100 Mile Wilderness - Baxter State Park

Wilderness Done & Baxter State Park

July 20. Another cold night in my fleece sleeping bag liner, but another night closer to being done and back in a warm bed! I was up again at 3 AM putting on all of my clothes to keep warm, still didn’t get out the emergency blanket, but probably could have. At 4 AM I heard JD start moving in his tent, then the sound of a soda can opening! JD and brought a Coke from his wife to drink this morning. He was up early and ready to go and he left camp around 5:15 AM. He woke Rafiki and I up as he left and we got our gear together and headed out around 5:45. It was pretty impressive that we all got up and moving so early after a long 40 mile day yesterday, but we had places to be today as well…we still had a 33 mile day to do in order to make it to the Birches. Straight out of the lean-to we had a 1,000 foot climb up Nesuntabunt Mountain and it was a slow go. Once at the top though there was a direct view of Katahdin and again, it was amazing to be looking up at the mountain we would summit tomorrow, 36 miles away! When Rafiki walked up to the lookout he said he had joined the face plant club and this morning he took a pretty hard fall coming up the mountain. At this point we were all pretty beat up…I had scratches and bruises all over my legs, my feet were in tough shape, and I was really sore! We were all looking forward to some time to recoup! Rafiki and I caught up with JD at the next shelter, the Rainbow Stream Lean-To. We were all dragging, tired from 76 miles in two days!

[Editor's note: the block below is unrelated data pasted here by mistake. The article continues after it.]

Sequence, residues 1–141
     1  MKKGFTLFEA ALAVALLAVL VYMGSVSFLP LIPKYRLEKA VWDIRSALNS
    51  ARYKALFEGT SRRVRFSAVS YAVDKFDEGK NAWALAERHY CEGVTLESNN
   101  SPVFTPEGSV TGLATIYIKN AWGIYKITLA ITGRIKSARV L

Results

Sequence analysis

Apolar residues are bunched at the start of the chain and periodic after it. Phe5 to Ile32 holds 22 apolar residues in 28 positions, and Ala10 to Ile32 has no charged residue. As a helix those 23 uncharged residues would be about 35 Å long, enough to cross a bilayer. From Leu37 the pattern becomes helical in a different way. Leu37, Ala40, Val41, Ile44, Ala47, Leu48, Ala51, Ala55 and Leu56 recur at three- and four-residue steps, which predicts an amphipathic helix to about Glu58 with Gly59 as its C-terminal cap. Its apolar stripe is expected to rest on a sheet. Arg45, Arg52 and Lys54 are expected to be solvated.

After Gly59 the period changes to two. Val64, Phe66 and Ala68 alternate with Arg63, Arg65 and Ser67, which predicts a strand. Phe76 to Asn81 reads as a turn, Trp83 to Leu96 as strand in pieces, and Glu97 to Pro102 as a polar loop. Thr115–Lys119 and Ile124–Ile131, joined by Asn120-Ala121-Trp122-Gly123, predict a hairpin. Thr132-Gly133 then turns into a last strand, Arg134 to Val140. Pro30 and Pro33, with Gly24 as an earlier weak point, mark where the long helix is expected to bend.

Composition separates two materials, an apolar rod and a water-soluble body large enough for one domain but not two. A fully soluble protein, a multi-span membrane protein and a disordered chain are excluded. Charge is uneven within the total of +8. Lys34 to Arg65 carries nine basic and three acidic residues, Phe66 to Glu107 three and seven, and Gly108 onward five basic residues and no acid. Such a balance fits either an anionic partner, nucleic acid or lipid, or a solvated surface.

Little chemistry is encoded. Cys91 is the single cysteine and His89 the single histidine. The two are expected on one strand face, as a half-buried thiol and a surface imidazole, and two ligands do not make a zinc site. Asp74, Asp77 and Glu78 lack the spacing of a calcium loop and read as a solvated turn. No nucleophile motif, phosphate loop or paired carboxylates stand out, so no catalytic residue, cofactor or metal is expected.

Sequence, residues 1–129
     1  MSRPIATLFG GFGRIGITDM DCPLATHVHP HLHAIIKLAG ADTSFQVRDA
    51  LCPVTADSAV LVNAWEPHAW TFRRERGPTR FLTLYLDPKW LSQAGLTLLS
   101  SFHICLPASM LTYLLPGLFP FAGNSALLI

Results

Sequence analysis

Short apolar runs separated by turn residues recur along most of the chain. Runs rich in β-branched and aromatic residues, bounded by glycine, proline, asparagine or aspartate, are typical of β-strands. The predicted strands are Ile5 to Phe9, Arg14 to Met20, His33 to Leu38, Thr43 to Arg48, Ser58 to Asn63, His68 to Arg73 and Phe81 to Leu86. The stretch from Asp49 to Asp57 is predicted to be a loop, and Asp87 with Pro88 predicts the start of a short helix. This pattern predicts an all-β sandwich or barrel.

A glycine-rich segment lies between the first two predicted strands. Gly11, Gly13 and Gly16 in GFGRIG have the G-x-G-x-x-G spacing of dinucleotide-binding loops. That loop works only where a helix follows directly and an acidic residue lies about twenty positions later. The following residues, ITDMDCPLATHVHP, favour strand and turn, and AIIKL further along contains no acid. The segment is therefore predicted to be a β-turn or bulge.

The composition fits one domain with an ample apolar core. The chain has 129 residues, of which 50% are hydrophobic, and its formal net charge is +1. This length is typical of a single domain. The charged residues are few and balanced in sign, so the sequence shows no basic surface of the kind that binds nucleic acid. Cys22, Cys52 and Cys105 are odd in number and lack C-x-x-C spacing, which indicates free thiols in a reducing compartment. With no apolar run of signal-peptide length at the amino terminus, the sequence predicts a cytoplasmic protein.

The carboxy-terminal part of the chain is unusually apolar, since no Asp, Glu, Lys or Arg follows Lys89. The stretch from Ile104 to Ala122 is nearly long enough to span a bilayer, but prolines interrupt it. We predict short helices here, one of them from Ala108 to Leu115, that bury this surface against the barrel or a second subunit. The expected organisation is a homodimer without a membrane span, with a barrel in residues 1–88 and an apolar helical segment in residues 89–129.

We took a break here, in the guide book each shelter lists the distance from the shelter to the upcoming 3 shelters.Typically something like 9 Mi, 21, Mi, and 29 Mi. It just gives us an idea of what is ahead. The Rainbow Stream Lean-To list reads: 11.5 – 24.9 – 0.0.  Zero point zero!

We were running out of shelters!!! The 24.9 shelter was The Birches where we would stay tonight, but after that there were no more shelters…the trail would be done! We got excited as we ticked off the shelters throughout the day and at The Birches the numbers read (0.0 – 0.0 – 0.0)…awesome! The trail was mostly flat, but still dealing with bogs, rocks, and roots, took a toll. We made it to the Rainbow Ledges and had another great view of Katahdin, 21 miles away.